It's starting to get chilly these days, I don't want to be messing around with my brakes come winter.
    It may be due to difference in brake line length. Hydraulic pressure in the lines isn't really equal. There is some loss due to length differences and the like (when I was racing back in the day we used to match the brake line lengths to eliminate as much braking difference between wheels)as well as things like braking while turning. If you only brake while going straight theoretically your brakes should wear evenly but that never happens. Most people make more right turns than left (here in the states) turning into parking lots, driveways etc. so the wheels turning at different speeds = different friction heat so one side will wear faster. add into it the fact that the brake pad is not rigidly fixed to caliper piston and you can add in rubbing from centrifugal force and a host of other uneven outside factors. If you ever come up with a way to keep the wear even I'd love to hear how. For now all I can do keep checking and change them in sets when one gets bad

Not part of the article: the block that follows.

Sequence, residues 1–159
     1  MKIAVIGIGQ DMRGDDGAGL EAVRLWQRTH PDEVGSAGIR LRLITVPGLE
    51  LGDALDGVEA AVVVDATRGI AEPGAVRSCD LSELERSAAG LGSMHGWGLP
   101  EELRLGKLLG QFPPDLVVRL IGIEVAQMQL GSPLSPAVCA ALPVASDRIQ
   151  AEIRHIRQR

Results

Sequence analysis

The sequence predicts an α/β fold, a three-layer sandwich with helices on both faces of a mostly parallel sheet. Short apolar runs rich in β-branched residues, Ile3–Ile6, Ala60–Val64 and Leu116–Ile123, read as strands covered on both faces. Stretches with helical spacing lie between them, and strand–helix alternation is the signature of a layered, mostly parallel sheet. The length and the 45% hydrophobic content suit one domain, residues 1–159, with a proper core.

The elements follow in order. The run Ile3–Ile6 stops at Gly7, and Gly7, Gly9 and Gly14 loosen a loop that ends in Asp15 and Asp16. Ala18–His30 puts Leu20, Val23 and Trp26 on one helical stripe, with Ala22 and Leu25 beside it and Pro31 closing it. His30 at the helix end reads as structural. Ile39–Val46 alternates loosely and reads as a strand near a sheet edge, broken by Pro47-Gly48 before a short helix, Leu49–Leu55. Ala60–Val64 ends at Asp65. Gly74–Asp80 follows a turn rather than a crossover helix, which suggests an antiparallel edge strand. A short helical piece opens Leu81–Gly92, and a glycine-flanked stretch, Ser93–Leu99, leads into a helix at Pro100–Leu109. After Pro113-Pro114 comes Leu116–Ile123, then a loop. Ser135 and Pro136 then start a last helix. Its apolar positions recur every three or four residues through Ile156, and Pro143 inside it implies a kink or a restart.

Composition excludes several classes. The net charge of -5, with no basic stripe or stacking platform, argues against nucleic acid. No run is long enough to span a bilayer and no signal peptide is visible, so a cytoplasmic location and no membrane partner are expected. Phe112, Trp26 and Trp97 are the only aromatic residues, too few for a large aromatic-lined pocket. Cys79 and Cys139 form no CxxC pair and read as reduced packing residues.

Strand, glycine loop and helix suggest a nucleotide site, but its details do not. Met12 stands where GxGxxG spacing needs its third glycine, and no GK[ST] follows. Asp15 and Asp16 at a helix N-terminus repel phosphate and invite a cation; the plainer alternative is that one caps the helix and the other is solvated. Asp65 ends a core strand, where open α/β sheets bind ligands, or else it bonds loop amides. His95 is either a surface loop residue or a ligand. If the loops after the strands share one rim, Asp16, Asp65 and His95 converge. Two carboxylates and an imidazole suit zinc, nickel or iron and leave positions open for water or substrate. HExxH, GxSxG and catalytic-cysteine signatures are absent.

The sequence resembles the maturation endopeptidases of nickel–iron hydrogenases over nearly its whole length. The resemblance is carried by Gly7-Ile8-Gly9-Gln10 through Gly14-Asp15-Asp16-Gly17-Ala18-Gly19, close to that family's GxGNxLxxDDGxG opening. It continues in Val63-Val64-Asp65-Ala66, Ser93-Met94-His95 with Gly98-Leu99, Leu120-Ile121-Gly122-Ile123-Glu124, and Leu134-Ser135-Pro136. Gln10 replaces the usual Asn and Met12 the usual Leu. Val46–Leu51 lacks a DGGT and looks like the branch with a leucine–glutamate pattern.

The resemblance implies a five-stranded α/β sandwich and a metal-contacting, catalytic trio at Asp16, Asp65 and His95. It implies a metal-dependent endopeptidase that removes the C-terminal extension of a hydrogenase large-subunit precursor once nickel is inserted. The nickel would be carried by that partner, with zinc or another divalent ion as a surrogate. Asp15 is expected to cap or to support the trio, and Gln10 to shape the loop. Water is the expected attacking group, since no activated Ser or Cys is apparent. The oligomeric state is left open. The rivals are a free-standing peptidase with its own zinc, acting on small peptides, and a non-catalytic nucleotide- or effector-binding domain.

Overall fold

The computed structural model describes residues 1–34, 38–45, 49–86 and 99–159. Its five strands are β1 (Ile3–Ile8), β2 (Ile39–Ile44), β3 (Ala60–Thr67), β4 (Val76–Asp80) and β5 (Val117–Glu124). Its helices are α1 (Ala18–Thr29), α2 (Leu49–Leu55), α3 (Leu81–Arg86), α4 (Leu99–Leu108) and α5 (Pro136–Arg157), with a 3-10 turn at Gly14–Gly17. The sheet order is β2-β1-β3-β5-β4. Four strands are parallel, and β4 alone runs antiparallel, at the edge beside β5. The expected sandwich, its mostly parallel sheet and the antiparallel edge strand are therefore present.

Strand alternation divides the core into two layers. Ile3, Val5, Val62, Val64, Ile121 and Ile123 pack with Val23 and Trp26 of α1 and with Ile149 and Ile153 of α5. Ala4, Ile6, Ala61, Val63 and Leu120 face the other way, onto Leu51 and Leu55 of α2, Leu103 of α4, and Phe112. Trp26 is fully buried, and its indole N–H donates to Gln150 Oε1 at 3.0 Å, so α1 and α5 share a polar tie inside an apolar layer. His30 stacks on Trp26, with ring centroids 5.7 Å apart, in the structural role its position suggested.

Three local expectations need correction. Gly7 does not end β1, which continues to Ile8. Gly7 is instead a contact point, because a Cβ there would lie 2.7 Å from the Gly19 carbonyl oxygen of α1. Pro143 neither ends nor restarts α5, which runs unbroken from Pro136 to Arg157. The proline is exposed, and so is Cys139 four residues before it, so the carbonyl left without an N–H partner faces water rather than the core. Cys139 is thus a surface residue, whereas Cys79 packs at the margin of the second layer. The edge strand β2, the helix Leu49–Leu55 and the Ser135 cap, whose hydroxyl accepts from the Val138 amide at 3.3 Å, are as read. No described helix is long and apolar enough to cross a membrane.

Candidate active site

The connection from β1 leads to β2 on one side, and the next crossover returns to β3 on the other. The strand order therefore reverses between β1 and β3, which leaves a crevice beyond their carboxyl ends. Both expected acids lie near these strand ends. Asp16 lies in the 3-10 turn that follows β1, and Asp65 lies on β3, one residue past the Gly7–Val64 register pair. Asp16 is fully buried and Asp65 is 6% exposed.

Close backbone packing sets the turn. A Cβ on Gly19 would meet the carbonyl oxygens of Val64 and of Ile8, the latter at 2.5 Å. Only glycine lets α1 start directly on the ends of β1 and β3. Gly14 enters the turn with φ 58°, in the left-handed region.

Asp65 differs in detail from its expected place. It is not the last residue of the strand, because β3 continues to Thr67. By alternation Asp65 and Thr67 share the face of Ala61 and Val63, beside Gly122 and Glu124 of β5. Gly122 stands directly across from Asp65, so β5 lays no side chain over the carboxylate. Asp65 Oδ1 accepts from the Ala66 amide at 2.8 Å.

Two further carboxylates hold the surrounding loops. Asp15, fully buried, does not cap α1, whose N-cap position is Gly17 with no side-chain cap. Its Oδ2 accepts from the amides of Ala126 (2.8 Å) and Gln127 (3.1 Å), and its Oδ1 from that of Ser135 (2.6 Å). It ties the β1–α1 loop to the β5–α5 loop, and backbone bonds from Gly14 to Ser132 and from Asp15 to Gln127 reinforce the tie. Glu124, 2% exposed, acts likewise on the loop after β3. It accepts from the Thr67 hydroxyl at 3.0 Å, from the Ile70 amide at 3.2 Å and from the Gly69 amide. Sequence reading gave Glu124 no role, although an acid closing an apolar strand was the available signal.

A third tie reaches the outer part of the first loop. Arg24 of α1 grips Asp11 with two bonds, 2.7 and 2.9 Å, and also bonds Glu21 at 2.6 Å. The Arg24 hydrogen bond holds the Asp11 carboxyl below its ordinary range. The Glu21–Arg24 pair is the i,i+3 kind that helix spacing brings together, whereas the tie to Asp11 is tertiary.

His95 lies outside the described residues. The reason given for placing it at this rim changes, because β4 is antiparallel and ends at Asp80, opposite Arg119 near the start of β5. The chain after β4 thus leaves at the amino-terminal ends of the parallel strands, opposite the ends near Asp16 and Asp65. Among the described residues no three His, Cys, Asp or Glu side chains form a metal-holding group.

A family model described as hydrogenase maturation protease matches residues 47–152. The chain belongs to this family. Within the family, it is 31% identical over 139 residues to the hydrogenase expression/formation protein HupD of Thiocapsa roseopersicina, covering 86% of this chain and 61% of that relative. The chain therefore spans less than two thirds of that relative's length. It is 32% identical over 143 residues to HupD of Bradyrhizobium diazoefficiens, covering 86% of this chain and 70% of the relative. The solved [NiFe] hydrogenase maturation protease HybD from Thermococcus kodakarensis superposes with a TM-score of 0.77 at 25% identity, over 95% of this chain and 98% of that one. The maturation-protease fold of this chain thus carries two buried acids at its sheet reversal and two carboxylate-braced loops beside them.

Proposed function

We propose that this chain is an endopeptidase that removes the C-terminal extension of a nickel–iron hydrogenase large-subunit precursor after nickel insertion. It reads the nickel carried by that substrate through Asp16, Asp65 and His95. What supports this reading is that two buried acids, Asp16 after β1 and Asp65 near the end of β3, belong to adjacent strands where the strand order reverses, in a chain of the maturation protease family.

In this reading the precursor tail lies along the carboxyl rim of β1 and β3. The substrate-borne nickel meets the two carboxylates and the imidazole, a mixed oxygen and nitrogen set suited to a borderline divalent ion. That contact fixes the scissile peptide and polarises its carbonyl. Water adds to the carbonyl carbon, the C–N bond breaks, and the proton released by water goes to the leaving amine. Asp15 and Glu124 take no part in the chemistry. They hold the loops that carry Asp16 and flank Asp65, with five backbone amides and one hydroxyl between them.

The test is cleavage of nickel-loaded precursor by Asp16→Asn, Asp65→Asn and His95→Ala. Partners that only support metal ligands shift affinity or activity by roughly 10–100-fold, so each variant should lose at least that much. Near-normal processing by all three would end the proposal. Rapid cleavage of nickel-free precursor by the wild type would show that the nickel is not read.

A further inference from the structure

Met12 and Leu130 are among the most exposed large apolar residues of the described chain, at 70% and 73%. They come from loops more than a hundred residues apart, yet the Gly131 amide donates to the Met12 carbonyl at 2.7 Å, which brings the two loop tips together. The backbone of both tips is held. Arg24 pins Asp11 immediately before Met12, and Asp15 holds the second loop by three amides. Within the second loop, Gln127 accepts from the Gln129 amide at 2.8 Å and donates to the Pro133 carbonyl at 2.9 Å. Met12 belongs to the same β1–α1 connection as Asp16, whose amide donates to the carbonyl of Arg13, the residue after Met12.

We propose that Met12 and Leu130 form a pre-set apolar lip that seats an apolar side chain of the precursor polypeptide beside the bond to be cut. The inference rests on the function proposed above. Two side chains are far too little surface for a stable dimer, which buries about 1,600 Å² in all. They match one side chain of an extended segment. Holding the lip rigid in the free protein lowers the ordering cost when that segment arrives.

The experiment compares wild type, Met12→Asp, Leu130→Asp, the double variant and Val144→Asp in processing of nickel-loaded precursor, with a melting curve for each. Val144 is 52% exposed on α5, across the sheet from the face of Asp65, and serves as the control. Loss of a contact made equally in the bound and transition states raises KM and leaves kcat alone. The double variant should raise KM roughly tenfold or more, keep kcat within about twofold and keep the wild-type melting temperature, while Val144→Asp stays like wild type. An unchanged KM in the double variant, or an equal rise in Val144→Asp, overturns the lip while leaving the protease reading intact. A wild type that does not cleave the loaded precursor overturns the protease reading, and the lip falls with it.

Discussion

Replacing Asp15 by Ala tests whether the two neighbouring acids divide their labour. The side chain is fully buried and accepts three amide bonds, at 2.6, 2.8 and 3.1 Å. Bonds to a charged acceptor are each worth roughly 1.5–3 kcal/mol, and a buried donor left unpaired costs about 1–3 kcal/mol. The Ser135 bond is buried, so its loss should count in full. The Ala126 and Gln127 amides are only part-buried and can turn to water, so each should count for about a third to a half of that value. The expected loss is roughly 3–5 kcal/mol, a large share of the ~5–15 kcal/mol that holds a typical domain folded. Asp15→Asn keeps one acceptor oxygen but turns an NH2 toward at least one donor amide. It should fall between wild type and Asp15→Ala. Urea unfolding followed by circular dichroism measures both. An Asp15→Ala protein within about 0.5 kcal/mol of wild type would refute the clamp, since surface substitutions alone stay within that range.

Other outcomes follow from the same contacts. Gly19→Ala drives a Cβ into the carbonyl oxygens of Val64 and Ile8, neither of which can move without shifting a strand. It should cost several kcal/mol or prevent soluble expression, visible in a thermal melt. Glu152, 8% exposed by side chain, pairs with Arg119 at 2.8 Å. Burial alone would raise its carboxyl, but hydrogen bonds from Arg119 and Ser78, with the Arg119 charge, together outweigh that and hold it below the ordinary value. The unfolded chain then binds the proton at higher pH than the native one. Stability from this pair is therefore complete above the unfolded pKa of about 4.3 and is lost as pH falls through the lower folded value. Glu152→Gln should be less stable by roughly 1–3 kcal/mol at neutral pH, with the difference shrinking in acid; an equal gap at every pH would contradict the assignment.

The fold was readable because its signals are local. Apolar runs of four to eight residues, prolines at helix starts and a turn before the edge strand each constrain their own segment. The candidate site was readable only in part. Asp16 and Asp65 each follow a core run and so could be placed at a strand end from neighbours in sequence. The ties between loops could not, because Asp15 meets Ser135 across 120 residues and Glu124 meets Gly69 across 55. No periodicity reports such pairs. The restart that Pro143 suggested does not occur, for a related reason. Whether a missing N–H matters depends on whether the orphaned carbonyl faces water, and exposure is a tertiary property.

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    Senior Member Fummins's Avatar
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    Quote Originally Posted by seatramp View Post
    It may be due to difference in brake line length. Hydraulic pressure in the lines isn't really equal. There is some loss due to length differences and the like (when I was racing back in the day we used to match the brake line lengths to eliminate as much braking difference between wheels)as well as things like braking while turning.